Traditionally, the 60/40 stocks/bonds tried and true asset allocation formula was an effective North Star to navigate through every market cycle imaginable. The 60/40 investment allocation framework has several key advantages that have contributed to its historical popularity among investors:
- Balance of Risk and Return: The combination of stocks and bonds in a 60/40 portfolio strikes a balance between the potential for capital appreciation and the need for stability
- Diversification: By including both stocks and bonds diversifies across asset classes which can reduce the portfolio’s sensitivity to market fluctuations and enhance overall stability
- Long-Term Performance: Historically(absent 2022 and ytd 2023), the 60/40 asset allocation has delivered competitive long-term returns while experiencing less volatility than an all-stock or all bond portfolio. This has made it an attractive choice for investors with a medium to long-term investment horizon.
- Income Generation: The bond component of the portfolio provides a consistent stream of income through interest payments.
- Flexibility: The 60/40 framework is adaptable to individual’s time horizon and risk tolerance. Investors can adjust the allocation to suit their specific needs, such as a more conservative 50/50 allocation or a more aggressive 70/30 allocation.
Both 2022 and thus far in 2023 have challenged the underlying premise of the 60/40 asset allocation framework, as equity market volatility and the rising rate environment has given investors cause to step back and re-evaluate. Rates currently available in money market funds or T-bills yielding over 5% have also provided an opportunity for investors to stray away from the 60/40 formula while still earning a healthy return on their cash.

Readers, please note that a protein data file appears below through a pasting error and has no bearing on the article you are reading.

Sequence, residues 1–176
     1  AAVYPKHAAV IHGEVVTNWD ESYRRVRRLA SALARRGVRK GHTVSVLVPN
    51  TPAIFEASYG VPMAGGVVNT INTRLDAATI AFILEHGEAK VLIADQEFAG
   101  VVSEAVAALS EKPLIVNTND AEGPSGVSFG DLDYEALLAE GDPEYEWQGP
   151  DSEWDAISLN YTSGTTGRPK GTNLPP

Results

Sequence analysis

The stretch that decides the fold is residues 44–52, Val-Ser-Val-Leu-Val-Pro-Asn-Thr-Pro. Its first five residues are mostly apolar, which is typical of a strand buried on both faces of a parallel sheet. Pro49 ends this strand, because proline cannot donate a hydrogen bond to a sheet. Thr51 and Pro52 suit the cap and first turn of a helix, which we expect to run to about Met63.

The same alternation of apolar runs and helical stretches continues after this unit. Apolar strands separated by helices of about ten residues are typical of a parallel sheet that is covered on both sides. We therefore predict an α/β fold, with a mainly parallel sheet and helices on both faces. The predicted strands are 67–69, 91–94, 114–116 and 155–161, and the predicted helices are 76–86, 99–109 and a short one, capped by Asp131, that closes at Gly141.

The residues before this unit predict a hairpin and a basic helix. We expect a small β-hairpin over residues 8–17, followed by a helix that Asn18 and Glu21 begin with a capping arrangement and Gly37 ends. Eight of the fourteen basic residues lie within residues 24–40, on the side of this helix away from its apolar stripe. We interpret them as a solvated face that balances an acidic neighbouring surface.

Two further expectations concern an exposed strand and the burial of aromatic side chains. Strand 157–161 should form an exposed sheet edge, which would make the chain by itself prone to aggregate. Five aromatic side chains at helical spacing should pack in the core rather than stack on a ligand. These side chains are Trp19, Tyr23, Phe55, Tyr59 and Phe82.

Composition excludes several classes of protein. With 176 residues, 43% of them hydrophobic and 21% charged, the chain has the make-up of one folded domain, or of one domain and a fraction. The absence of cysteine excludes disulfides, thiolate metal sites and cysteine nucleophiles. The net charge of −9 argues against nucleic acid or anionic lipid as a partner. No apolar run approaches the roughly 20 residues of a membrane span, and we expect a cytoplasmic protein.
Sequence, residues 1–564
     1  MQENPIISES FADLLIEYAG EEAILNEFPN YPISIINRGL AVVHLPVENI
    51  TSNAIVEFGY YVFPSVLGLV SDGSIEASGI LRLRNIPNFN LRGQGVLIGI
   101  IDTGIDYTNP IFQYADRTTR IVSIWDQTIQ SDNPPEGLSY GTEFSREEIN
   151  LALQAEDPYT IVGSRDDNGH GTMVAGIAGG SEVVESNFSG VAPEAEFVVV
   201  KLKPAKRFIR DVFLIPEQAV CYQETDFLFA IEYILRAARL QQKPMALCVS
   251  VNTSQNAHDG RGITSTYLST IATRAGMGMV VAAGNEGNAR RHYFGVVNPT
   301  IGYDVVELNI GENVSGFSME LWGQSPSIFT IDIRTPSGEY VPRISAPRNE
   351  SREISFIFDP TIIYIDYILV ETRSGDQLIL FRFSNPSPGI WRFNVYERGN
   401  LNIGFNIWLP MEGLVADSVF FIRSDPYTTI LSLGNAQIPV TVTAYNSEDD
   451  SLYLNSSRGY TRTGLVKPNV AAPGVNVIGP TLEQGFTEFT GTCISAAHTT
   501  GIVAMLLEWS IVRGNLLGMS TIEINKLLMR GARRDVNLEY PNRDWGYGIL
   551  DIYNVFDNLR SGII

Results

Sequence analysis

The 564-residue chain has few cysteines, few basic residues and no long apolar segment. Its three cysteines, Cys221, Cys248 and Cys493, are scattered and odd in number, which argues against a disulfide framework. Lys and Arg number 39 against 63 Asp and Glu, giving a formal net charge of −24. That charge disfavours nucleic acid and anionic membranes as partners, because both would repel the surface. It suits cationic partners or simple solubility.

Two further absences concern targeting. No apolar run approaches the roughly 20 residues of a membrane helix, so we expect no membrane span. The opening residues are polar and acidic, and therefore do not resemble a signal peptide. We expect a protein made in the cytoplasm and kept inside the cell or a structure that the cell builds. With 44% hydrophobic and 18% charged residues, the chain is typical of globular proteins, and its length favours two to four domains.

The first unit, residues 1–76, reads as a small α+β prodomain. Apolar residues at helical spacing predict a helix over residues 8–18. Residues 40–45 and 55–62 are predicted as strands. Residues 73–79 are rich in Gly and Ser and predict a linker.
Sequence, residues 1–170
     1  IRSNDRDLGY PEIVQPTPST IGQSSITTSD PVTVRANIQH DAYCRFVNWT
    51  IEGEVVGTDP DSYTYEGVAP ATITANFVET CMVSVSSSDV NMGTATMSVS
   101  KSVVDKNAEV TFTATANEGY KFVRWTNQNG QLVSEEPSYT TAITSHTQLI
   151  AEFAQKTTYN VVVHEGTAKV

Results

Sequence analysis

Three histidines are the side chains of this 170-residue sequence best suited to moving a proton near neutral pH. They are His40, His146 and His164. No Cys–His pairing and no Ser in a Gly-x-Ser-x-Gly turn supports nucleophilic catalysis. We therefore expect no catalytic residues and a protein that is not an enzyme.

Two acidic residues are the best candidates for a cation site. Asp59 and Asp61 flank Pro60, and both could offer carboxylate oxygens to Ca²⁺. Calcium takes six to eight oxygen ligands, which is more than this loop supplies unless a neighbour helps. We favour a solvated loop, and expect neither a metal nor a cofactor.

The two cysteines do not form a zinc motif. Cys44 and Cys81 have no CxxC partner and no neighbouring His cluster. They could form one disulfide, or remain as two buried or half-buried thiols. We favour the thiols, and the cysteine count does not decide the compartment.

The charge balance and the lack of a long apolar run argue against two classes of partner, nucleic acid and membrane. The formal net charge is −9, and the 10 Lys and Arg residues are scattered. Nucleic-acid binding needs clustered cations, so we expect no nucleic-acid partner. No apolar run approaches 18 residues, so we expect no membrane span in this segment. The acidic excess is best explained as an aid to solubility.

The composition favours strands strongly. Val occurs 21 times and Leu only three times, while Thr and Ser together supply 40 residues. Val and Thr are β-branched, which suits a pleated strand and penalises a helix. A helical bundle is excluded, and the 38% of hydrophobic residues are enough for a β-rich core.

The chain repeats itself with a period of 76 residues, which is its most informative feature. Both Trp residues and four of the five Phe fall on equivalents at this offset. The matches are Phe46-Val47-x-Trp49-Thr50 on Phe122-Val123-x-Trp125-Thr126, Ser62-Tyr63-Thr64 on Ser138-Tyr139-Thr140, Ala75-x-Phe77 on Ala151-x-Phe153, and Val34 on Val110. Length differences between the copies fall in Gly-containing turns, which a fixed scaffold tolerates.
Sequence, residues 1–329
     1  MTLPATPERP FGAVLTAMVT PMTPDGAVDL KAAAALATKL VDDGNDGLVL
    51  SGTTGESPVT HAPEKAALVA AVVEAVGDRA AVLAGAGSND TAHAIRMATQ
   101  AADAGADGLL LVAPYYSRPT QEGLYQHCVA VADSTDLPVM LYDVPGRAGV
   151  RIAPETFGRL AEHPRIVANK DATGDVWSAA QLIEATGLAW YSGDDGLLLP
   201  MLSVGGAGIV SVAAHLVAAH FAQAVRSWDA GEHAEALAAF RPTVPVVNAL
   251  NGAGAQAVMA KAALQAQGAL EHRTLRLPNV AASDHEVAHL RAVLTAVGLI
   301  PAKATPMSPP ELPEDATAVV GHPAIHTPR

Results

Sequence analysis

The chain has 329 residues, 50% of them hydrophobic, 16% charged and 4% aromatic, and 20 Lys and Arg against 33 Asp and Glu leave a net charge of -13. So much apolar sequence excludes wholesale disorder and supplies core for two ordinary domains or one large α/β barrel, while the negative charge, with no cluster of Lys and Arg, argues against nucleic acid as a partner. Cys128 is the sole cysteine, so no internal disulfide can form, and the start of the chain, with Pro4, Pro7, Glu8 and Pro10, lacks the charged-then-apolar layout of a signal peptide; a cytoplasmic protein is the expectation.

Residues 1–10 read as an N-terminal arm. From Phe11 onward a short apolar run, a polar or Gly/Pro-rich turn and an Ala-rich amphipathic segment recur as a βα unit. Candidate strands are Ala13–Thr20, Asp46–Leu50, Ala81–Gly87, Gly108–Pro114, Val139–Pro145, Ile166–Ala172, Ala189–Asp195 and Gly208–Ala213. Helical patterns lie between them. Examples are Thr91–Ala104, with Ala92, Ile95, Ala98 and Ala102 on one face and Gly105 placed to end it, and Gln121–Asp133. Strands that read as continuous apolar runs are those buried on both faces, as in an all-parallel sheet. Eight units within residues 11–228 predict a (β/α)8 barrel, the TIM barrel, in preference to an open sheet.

Interestingly, according to Putnam Investments, the 2022 declines in both the equity and bond markets was the only year in which both asset classes produced negative returns in the 47 years in which bond index information has been available. Blackrock has shared the view that the 60/40 asset allocation framework is a good place to start, but that adding alternative investments such as funds that have both long and short positions. Another path would be to include private equity in the portfolio to further insulate one’s portfolio from volatility. KKR goes a step further and suggests that a 40/30/30 approach (equities/bonds/alternatives) merits consideration.
As the Fed continues to signal that the rate hiking regime may be over, bonds and equities have in recent days started to move in tandem in a positive direction, and it remains to be seen whether the 60/40 asset allocation will end up in positive territory for 2023.
The above in no way represents financial advice and individuals should consult with their financial advisors in making their own independent investment decisions.